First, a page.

Be Warned Samsung Device Owners: Android Security Updates Will Arrive At Slower Pace
Samsung came a bit late in providing the details of security patches for supported Galaxy handset models. For users, it should serve as an advanced warning that more delays can be expected in the delivery of Android security updates.
For Google, the deployment of security fixes is on a monthly basis, but it's always different for device vendors, and Samsung is not an exception. In fact, the Korean tech giant was running behind with the release of the October security patches, and this was confirmed by Samsung-focused blog site SamMobile.
The reports said software updates for the month will only start arriving next week, and the coverage will be limited to 10 handsets led by the current flagship models - the Galaxy Note 10 series and the Galaxy S10 series - and last year's flagship releases - the Galaxy Note 9 and the Galaxy S9 series.
However, the same report did not mention that Samsung has decided to adjust how it delivers the regular OS updates to supported devices. With the adjustments that Samsung has immediately implemented, supported devices will be getting firmware updates less frequently, according to Lifehacker.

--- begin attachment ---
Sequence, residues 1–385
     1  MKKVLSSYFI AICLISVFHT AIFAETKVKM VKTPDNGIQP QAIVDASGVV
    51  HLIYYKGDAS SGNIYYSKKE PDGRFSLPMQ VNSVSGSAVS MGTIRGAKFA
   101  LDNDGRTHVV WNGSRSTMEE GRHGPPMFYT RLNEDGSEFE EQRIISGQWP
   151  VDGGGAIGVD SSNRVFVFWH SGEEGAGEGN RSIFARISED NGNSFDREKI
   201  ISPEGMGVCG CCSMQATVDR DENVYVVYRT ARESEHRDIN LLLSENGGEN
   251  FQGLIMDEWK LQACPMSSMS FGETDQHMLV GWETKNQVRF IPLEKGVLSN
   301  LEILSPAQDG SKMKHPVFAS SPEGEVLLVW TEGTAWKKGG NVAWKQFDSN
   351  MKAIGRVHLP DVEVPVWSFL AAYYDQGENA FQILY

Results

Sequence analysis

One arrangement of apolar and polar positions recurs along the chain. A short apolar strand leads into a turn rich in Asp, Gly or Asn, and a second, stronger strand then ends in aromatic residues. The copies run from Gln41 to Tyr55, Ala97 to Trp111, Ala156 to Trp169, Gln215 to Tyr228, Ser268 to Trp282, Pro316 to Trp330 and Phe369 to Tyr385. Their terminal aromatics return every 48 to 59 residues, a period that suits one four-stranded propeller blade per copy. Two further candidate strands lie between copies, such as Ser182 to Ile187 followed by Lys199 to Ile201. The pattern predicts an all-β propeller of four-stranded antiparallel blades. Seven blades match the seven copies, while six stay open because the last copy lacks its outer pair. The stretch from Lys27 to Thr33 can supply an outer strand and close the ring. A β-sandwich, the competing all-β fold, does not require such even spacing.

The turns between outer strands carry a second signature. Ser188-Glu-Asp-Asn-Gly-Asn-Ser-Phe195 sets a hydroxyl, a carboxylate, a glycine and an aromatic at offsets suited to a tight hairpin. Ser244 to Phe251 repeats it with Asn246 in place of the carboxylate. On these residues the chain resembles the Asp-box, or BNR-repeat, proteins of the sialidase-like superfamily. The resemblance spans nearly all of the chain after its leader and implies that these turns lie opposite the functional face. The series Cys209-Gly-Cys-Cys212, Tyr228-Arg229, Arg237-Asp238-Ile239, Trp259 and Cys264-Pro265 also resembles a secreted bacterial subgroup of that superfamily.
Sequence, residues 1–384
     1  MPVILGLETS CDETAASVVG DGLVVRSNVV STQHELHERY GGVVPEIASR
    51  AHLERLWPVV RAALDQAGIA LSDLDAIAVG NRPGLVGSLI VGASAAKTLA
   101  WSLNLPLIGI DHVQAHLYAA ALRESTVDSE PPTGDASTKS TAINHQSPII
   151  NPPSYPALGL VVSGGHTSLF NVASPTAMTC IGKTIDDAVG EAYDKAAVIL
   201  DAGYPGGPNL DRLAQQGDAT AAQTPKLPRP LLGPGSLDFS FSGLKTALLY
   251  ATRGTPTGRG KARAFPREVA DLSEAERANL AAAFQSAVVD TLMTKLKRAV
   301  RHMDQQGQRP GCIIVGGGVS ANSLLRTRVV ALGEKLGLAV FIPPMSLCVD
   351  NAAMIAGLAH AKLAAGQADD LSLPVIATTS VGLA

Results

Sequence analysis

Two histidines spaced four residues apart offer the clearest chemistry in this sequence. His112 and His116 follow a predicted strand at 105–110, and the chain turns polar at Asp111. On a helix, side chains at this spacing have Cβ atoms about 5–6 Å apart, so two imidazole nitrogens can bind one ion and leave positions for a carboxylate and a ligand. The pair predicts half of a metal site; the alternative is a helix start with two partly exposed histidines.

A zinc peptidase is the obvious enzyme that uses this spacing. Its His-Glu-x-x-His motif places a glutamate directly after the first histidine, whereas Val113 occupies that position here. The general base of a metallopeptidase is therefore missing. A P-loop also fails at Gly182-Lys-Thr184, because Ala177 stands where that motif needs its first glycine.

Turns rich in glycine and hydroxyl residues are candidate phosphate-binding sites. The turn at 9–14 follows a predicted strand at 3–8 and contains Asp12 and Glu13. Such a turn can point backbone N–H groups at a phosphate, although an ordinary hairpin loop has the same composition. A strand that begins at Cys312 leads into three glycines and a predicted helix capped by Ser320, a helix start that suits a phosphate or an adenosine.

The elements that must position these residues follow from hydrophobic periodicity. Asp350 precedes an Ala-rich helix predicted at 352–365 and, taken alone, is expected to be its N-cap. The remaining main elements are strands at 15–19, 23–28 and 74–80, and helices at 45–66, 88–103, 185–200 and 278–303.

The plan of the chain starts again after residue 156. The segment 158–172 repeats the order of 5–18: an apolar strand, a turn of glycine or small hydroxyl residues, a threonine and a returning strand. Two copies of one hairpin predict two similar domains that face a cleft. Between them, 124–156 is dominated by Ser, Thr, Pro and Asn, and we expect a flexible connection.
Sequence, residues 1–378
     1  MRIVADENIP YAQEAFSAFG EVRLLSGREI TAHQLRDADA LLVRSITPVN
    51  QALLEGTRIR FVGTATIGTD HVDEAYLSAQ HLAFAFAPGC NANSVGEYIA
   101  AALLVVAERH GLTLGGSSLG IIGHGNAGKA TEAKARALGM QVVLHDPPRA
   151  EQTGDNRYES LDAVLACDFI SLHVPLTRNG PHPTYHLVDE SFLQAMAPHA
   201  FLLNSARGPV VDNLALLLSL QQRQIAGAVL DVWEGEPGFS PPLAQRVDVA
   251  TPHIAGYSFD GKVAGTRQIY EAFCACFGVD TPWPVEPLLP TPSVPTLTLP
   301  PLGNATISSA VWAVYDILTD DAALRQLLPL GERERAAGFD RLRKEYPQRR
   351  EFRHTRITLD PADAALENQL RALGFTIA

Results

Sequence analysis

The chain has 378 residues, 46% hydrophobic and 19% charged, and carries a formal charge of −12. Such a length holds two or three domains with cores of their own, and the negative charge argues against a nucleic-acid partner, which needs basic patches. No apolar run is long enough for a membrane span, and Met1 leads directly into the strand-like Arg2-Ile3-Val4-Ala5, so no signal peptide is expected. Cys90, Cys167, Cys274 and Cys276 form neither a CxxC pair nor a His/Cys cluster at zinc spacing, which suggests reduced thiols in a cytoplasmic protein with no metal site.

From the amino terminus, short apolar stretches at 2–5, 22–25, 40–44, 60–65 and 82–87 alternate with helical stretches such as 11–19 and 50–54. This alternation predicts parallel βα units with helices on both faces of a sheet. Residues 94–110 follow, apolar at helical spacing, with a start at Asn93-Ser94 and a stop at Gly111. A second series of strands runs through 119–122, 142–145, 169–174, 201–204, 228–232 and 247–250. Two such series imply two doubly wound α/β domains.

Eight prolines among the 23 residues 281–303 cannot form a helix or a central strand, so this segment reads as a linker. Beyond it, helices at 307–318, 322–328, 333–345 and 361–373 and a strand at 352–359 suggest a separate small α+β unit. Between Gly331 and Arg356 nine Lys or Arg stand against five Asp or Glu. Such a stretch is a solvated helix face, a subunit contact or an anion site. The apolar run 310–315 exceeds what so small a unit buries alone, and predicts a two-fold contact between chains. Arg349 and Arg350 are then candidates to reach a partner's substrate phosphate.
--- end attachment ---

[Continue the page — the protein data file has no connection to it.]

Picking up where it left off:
In the new patch program, Samsung will only push the monthly updates to select devices that include the flagship Galaxy S and Note series and the mid-range Galaxy A series. Users will need to take note that this only applies to devices that were issued in the last two to three years.
That would mean older devices, flagship or midrange, will not be supported or any longer.
As for the lower-midrange and entry-level Samsung phone and tablet models, the OS update delivery is now on a quarterly basis. Why the change, Samsung has elected not to explain. But this is better than the fate of the so-called aging Samsung devices.
Per the same report, these soon-to-exit Samsung devices will only get software updates as the need arises. Or they will not be getting any, which is the more realistic scenario.
It has been the general complaint by Android users - that the OEM Android update is quite fragmented, and it appears there is no solution in sight. As pointed out by Android Police, Google has mandated that vendors like Samsung and Huawei must provide firmware support for no less than two years and the delivery needs to be predictable, preferably every month.
Sadly, this is not the case, and partly, Google is responsible as the same report blamed the search giant's "lack of firmer enforcement."